If you have problems separating strips of bacon, pull off the total number of strips you want and place the whole block in the skillet. Within a few minutes, the slices will soften, and they'll be easy to pull apart.
One aspect many cooks perceive as a downside of the slow cooker is that most food is soft and has a uniform texture when it finishes cooking. Now that you've mastered the basics of slow cooking and how to prepare foods, here are some ideas to help those delicious dishes garner a "Wow!" when they appear on the table:
- Instead of adding cheese to a dish for the last part of the cooking time, sprinkle it on top of the food right before you serve it. This is especially good with hard cheeses like Parmesan and feta.
- For an unexpected crunch, add toasted croutons to the tops of stews and soups before serving.
- Sprigs of fresh herbs used while cooking the dishes add color.
- Toast nuts like slivered almonds and chopped walnuts in a 350°F oven for 5 minutes and sprinkle on stews before serving.
- Crumbled bacon is a good garnish for pork stews and hearty soups.
Remember that the crockery insert to your slow cooker is pottery, not metal. Never place it on a cold surface when it's hot, or it can crack. Also, do not scrub it with an abrasive like steel wool because it can scratch the surface.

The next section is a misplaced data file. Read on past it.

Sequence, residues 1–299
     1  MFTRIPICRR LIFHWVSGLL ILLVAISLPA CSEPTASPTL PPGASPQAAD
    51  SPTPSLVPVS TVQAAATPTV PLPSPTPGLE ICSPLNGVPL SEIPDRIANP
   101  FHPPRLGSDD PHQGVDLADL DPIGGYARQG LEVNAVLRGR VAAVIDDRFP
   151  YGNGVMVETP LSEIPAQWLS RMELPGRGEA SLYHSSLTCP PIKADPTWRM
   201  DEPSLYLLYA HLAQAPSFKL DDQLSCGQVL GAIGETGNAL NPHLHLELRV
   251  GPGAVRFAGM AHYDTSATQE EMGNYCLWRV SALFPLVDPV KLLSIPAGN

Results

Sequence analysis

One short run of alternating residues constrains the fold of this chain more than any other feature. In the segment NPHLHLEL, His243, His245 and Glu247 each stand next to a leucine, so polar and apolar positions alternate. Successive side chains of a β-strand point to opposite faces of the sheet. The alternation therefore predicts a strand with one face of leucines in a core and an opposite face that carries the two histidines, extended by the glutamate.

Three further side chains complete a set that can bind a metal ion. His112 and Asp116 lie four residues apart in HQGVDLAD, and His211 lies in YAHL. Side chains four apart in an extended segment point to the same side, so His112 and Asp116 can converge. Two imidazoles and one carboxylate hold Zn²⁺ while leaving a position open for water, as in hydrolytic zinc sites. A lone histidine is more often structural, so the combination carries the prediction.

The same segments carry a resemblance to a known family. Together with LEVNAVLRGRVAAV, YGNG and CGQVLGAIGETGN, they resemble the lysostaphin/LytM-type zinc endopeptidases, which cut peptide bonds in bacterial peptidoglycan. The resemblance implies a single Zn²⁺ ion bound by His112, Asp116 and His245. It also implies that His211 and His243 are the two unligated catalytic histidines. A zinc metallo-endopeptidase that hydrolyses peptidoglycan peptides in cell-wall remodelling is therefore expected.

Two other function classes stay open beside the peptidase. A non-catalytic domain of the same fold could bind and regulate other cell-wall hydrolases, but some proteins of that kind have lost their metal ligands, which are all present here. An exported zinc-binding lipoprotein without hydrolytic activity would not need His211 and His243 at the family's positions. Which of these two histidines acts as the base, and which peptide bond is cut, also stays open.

The crockery insert in your slow cooker is delicate, but it's not a marshmallow. It can be placed in the microwave, if your microwave is large enough to hold it, and a warmed insert can go right in a preheated oven.
You can shortcut steps like pre-cooking onions by cooking them in the insert in the microwave rather than cooking them on the stove. (If you go this route, know the onions will not achieve the same caramelized flavor.)
If you want to brown the top of a casserole, preheat the oven broiler or set the oven temperature at 450°F and set the warmed insert containing the finished dish inside for a few minutes. Then use the insert as a serving dish by placing it on a trivet right on the table.
More on: Cooking Tips and Basics
Excerpted from The Complete Idiot's Guide to Slow Cooker Cooking © 2003 by Ellen Brown. All rights reserved including the right of reproduction in whole or in part in any form. Used by arrangement with Alpha Books, a member of Penguin Group (USA) Inc.
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